4. The electrical circuit of claim 3 in which a current indicating means is connected in series with the variable solid state dynamic load and the output terminals of the electrical generator.

5. A testing means for determining current output as a function of speed of a rotary electrical generator comprising a rotary electrical generator including a rotor and output terminals, means coupled to said rotor for producing a signal proportional to rotor speed, a variable impedance solid state load connected to the output terminals, means coupled to the output terminals and said variable impedance solid state load for sensing the output voltage of said generator and for varying the impedance of said variable impedance solid state load inversely as the output voltage of said generator in a functionally related Way so as to maintain the output voltage of said generator substantially constant, and means coupled in a circuit with said last mentioned means and the output terminals of the generator for producing a signal proportional to the load current of the generator, and means connected to receive the signal proportional to rotor speed and the signal proportional to load current for constructing a curve of the load current of the generator as a function of the rotor speed.

6. The combination of claim in which the means for constructing a curve of the load current of the generator as a function of the rotor speed comprises an oscilloscope.

7. The combination of claim 5 in which the means for constructing a curve of the load current of the generator as a function of the rotor speed comprises an X-Y plotter.

8. A testing device for determining current output as a function of speed of a rotary electrical generator having a rotor and output terminals, the output of said electrical generator increasing substantially as a direct function of rotor speed, comprising means coupled to said rotor for producing a signal proportional to rotor speed, an electrical circuit connected to the output terminals of said electrical generator, said electrical circuit including a zener diode, a direct current amplifier, said zener diode being connected to the output terminals of said electrical generator and the direct current amplifier and being poled to prevent conduction of said direct current amplifier When the terminal voltage of the electrical generator is below a selected value, a variable solid state dynamic load connected across the output terminals of said electrical generator to receive substantially all of the output current of said electrical generator, whereby substantially all of the output current of said electrical generator flows through said variable solid state dynamic load, means connecting said direct current amplifier to said variable solid state dynamic load for decreasing the impedance of said variable solid state dynamic load as the terminal voltage of the electrical generator attempts to increase, current sensing means connected in circuit with said electrical generator and the variable solid state dynamic load for sensing the current passing through said variable solid state dynamic load, and display means connected to said current sensing means and to said means coupled to said rotor for producing a signal proportional to rotor speed for dis playing a curve of the load current of said electrical generator as a function of rotor speed as the terminal voltage of said electrical generator is held substantially constant.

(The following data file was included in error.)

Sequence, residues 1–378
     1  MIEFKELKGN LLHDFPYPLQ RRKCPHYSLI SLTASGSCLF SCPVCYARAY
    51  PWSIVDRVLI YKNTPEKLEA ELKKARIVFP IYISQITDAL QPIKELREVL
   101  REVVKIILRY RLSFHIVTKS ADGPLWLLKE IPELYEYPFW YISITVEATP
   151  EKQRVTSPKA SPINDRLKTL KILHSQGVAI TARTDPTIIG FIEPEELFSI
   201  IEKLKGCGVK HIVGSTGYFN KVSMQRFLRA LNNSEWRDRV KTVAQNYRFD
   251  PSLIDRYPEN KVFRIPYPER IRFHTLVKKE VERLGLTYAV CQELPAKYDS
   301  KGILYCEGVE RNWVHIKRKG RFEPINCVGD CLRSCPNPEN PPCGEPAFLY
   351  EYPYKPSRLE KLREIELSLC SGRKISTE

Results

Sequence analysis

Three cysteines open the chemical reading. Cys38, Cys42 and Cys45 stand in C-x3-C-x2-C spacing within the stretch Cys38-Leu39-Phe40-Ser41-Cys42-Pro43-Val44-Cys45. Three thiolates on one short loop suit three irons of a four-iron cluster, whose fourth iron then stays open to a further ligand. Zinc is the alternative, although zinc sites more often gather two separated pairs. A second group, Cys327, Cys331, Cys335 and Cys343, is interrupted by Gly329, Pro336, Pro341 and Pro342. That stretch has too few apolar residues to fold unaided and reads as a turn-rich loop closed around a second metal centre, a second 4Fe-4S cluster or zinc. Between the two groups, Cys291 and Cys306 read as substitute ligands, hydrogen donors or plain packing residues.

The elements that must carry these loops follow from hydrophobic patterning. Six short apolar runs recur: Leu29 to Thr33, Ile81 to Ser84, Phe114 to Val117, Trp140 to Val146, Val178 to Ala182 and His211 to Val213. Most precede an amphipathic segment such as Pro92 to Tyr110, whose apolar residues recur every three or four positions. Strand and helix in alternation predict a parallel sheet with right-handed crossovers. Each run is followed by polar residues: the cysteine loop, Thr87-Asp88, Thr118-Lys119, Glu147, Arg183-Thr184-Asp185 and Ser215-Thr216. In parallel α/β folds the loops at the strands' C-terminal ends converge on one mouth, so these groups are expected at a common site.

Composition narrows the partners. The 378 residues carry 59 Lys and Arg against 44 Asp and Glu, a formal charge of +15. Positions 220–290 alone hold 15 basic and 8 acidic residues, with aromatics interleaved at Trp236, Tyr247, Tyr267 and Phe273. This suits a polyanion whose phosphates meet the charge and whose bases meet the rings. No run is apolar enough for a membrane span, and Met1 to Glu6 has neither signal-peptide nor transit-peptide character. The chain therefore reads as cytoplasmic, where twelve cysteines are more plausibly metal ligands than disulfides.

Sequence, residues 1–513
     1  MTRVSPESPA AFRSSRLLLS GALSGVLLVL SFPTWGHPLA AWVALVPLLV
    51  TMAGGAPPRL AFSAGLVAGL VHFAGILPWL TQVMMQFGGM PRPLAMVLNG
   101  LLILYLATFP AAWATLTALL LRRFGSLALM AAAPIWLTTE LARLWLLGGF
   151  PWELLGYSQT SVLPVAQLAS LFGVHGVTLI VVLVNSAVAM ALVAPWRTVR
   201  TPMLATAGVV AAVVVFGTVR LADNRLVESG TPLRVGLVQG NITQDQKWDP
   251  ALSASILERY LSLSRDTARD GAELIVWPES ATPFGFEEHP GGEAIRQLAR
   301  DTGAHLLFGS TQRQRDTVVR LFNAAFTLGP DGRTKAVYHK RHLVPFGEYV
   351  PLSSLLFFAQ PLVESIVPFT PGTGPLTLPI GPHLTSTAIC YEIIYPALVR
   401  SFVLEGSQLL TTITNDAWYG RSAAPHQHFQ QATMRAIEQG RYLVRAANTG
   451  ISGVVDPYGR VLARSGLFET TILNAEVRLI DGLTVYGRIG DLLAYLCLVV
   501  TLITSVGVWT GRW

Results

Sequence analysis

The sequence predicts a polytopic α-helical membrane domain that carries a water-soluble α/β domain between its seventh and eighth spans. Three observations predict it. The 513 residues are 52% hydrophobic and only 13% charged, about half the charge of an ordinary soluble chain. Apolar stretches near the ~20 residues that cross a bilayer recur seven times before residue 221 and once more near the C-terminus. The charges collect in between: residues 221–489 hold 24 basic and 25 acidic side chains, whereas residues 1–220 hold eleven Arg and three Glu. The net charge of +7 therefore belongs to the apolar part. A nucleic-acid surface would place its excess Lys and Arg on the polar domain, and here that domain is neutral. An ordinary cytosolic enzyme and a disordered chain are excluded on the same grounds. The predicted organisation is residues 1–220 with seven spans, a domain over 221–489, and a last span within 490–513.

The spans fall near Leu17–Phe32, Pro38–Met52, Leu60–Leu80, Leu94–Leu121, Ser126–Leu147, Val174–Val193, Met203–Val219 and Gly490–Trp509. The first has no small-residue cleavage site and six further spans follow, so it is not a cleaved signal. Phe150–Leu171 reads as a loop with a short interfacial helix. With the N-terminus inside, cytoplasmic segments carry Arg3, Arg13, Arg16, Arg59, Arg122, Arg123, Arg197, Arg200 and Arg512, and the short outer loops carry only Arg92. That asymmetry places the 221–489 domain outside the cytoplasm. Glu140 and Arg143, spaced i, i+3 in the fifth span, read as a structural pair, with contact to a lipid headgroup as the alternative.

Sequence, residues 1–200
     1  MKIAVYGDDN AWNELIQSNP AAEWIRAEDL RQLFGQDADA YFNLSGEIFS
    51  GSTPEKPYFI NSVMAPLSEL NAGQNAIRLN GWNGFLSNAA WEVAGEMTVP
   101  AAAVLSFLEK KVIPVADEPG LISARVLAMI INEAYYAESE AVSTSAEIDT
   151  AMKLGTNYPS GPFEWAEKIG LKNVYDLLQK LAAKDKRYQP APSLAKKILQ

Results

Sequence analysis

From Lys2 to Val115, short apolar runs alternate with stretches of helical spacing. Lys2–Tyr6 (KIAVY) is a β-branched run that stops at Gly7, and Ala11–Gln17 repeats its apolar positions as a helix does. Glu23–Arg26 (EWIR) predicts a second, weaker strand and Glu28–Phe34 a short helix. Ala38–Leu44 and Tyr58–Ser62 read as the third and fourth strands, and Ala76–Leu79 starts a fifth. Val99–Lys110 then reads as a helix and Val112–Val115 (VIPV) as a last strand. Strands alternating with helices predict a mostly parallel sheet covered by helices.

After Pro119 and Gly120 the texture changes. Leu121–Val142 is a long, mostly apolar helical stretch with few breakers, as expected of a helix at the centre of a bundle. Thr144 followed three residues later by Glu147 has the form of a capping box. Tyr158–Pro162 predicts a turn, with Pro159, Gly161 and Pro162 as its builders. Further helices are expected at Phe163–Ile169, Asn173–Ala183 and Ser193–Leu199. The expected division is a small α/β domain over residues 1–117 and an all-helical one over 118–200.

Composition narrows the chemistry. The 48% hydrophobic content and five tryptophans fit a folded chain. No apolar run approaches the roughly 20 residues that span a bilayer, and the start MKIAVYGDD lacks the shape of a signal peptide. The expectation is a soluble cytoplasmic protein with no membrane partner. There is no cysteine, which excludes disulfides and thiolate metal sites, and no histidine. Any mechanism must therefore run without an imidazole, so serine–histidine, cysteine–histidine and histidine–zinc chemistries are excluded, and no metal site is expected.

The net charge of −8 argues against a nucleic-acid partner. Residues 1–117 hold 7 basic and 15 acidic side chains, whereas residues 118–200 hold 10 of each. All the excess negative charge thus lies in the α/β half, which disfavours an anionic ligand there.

9. In an electrical circuit for determining current output at a substantially constant voltage of an electrical generator having output terminals, the combination comprising a voltage divider connected across the output terminals, a first transistor having an emitter-collector circuit and a base, said emitter-collector circuit being connected across said output terminals, a zener diode connected to said base and said voltage divider and being poled to prevent conduction of said transistor until the output voltage reaches a selected value, a plurality of transistors, each of said transistors having an emitter-collector circuit and a base, means connecting said emittercollector circuits in parallel and across said output terminals, and means coupling said first transistor with the bases of said plurality of transistors for increasing the conduction of said plurality of transistors as the conduction of said first transistor increases due to an increase in the output voltage of said generator.